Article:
American basketballer Glen Dandridge reckons he's got the best job in the world.
The 28-year-old has spent the past five years playing professionally in leagues in Canada, Argentina, Morocco and Belgium. He can now add a fifth country to his list after touching down in New Zealand, where he will play for the Canterbury Rams in their return to the national league this season.
Only a small percentage of college basketballers in the United States go on and make a living out of the sport.
Dandridge, who hails from Virginia, counts himself as one of the lucky few. He had enjoyed his first two weeks in Christchurch - despite the bleak weather over the past few days.
"It's great. That's my life right now and I enjoy it. I love to travel and experience new things. It fits for me," he said.
"I want to keep going until I can't run any more."
The 1.98m Dandridge will cover the shooting guard and small forward positions for the Rams.
He suited up for the Orlando Magic in the NBA's summer league this past off-season, taking the court with rising talent Victor Oladipo - who was the second pick in last year's NBA draft.
Dandridge spent three years at the University of Missouri from 2004-07, playing in the tough Big 12 conference against leading schools like Kansas, Texas, Oklahoma and Oklahoma State.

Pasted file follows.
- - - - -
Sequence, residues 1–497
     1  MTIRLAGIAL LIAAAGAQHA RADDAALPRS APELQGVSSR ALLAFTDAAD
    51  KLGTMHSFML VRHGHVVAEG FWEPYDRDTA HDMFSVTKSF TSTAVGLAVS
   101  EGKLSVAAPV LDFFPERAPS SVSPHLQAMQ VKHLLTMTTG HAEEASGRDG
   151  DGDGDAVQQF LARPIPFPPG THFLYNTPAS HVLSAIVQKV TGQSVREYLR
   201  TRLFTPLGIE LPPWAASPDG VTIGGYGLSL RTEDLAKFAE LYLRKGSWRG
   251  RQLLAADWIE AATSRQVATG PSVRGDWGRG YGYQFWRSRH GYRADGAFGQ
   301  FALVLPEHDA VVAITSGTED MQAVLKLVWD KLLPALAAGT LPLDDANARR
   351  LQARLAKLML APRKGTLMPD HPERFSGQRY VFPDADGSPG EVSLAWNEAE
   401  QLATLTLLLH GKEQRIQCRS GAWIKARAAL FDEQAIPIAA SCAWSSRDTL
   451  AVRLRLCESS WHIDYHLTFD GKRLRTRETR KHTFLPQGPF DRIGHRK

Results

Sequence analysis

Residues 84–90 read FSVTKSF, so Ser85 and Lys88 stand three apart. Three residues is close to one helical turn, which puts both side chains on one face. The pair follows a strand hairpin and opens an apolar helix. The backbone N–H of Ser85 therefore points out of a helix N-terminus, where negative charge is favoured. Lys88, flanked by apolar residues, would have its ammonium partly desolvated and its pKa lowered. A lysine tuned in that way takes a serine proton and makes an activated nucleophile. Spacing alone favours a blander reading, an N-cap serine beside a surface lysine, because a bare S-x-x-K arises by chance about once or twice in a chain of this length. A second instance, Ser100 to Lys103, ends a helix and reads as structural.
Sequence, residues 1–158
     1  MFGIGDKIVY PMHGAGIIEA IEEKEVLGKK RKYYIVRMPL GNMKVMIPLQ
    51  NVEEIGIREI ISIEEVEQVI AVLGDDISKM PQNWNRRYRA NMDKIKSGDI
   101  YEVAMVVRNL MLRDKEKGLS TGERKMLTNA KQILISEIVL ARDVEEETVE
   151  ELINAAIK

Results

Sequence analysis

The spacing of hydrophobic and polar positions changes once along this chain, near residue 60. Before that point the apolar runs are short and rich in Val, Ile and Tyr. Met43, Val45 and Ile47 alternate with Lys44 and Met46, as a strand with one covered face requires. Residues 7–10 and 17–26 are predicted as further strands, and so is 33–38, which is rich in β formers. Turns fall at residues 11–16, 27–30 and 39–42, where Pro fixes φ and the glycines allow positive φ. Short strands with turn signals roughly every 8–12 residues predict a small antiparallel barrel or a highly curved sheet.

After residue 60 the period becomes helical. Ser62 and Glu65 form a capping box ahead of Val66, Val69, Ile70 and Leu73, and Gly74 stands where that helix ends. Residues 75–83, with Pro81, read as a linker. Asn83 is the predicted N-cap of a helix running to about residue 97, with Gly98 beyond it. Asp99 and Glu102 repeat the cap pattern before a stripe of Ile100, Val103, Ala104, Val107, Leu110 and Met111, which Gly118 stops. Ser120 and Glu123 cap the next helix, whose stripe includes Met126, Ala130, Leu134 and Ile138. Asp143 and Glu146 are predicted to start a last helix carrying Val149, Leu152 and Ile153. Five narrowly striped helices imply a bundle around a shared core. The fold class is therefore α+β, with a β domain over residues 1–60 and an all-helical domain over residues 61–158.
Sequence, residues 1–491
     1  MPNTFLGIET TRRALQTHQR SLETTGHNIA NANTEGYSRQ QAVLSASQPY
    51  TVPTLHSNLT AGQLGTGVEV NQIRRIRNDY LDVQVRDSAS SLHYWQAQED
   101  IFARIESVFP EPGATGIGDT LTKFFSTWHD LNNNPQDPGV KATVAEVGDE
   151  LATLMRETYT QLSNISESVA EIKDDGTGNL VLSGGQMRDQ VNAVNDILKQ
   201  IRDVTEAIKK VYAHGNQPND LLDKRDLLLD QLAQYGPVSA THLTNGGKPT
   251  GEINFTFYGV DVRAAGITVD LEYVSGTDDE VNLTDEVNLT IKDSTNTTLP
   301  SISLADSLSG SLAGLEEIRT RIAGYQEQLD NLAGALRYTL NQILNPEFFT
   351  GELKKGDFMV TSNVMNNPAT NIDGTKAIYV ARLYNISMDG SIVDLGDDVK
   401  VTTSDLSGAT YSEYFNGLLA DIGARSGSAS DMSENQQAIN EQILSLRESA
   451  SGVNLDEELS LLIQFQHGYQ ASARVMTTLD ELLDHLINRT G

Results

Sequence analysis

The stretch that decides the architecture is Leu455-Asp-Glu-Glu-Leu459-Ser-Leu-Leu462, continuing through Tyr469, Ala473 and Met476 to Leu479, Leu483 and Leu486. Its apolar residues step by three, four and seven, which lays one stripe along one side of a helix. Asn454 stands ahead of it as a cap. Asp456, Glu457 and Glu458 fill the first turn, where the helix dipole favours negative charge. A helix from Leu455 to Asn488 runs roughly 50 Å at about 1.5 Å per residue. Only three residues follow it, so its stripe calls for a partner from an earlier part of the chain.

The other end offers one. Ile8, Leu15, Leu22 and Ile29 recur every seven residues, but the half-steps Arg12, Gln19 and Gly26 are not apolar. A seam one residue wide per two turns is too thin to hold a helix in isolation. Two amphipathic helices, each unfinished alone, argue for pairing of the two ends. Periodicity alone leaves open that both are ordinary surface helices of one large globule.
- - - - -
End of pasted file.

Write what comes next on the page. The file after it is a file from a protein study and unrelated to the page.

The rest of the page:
He struggled for consistent gametime at Missouri and finished college at Lambuth University in Tennessee, where he excelled for the team.
Dandridge was lured to the Rams through Caleb Harrison - who was assistant coach at Lambuth when he played for the side. Caleb's elder brother, Dave, is coach of the Rams.
Dandridge and fellow American import Matt Rogers will need to lead the way for a youthful Rams squad this season.
He was excited by the energy of the Rams' players in training and said they were willing to listen and learn.
Dave Harrison said Dandridge would be an influential figure this season with his experience and leadership. He could knock down the three point basket at a high percentage, but also drive to the hoop.
"His strength is his outside shot. The exciting thing he has is the ability to do things outside of just shooting the ball," Harrison said.
"We're looking at really encouraging him to get to the rim and use his skillset in our league."
Dandridge is known as a strong defender and can mark up against taller forwards.
Harrison said the Rams were unlikely to add any more players to the 13 they had in their squad.
They had attempted to sign a Tall Black international, but most players were keen to remain close to family in the North Island.
"We had talks and were hopeful. We don't think we left any stone unturned. We made every effort possible, which we could."
Canterbury begin their season against perennial title contenders Wellington at Christchurch's Cowles Stadium on April 6.
The team will play a pre-season doubleheader against Otago in Timaru [March 22] and Dunedin [March 23]. They also have a warmup game against Nelson on March 29 in Blenheim.
- Fairfax Media
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